Yeah, eight out of 435 seats. I’m very proud of that fact and so we have to make sure that we can maintain the rural integrity of our beautiful, beautiful district, and make sure that we're not left behind. This broadband issue is really alarming. And too many folks in New York 19 don't have broadband. Our students don't have it. Small business owners don't have it. Our seniors don't have it for telemedicine, and here we are, in the 21st century and the richest country the world has ever known. And we have folks living without broadband, a basic utility at this point. And so, absolutely to me, bills like the Rebuild Rural America Act are critical as we move forward in the short term and in the long term.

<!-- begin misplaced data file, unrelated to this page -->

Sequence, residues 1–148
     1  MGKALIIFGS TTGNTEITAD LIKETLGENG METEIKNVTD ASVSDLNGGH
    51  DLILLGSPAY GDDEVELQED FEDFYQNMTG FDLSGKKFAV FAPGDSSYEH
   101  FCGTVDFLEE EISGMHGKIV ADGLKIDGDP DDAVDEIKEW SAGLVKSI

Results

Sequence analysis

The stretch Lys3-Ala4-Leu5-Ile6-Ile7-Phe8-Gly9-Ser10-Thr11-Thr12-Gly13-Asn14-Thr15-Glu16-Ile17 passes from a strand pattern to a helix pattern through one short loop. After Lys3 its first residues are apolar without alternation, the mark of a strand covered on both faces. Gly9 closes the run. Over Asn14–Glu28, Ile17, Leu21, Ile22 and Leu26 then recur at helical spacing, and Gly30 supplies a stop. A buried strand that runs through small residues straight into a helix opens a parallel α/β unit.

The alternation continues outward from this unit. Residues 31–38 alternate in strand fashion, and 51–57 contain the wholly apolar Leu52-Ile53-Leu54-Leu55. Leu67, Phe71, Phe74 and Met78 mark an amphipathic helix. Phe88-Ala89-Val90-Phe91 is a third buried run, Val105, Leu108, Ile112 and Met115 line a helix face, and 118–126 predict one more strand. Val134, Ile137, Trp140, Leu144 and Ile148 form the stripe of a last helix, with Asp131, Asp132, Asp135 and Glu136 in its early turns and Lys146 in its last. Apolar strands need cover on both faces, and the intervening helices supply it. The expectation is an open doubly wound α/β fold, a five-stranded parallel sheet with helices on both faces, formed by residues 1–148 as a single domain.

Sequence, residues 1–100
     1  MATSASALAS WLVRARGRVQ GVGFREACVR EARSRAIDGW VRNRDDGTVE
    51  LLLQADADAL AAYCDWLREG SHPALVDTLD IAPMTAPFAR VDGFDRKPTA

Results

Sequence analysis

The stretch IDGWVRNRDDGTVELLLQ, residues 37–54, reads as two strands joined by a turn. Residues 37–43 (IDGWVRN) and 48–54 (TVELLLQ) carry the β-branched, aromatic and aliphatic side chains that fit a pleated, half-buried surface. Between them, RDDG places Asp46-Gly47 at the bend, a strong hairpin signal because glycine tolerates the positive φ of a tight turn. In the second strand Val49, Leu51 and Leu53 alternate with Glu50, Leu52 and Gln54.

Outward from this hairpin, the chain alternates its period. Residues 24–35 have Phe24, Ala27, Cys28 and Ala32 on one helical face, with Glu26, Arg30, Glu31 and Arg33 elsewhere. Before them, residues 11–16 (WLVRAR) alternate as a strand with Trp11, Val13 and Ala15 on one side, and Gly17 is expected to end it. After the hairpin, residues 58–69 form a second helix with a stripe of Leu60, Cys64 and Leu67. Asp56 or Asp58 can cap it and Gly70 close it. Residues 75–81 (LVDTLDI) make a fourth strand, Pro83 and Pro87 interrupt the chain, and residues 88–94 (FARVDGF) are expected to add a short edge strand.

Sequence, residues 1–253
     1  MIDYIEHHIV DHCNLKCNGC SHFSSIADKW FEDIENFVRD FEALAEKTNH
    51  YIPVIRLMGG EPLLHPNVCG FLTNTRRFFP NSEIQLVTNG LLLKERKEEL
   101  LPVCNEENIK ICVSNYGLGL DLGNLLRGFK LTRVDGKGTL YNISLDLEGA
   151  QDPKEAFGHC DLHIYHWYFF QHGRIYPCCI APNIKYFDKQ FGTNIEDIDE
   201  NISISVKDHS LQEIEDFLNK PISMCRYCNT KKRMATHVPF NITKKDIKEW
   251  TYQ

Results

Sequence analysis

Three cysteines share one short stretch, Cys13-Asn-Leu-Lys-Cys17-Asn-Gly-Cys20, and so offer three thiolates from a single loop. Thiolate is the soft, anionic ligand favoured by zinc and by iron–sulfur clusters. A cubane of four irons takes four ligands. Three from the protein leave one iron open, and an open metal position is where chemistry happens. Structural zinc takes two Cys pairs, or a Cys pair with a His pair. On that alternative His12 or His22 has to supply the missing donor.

Congressman Antonio Delgado, I can't tell you how it pleases me and the radio station to have you with us. And it's so important that people hear you. So thanks so much for being with us, Antonio.
Thank you for always giving me the time appreciate the opportunity, man.
You'll always have it. Thank you.